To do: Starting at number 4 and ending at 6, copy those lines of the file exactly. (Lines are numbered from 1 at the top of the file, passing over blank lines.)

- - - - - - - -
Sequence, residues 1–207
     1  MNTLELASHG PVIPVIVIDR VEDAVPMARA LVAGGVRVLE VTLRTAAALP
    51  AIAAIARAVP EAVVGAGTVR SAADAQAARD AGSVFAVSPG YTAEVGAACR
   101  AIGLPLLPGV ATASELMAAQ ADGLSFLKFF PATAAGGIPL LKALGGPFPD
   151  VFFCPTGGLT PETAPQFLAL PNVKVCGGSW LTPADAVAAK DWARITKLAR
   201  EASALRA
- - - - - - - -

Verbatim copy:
   101  AIGLPLLPGV ATASELMAAQ ADGLSFLKFF PATAAGGIPL LKALGGPFPD
   151  VFFCPTGGLT PETAPQFLAL PNVKVCGGSW LTPADAVAAK DWARITKLAR
   201  EASALRA